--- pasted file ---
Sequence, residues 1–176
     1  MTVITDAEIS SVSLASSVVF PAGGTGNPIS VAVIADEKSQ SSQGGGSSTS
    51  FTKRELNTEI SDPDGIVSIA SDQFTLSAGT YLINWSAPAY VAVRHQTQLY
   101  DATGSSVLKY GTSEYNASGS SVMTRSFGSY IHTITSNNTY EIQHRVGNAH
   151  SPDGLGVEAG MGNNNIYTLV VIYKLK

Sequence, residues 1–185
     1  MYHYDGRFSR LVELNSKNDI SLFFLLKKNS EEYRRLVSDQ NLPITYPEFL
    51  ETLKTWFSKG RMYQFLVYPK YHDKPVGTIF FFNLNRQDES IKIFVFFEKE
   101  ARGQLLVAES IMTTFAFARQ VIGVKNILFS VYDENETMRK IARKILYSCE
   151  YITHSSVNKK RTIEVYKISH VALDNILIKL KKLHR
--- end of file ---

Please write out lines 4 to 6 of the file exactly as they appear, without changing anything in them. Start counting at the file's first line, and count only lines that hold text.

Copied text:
   101  DATGSSVLKY GTSEYNASGS SVMTRSFGSY IHTITSNNTY EIQHRVGNAH
   151  SPDGLGVEAG MGNNNIYTLV VIYKLK

Sequence, residues 1–185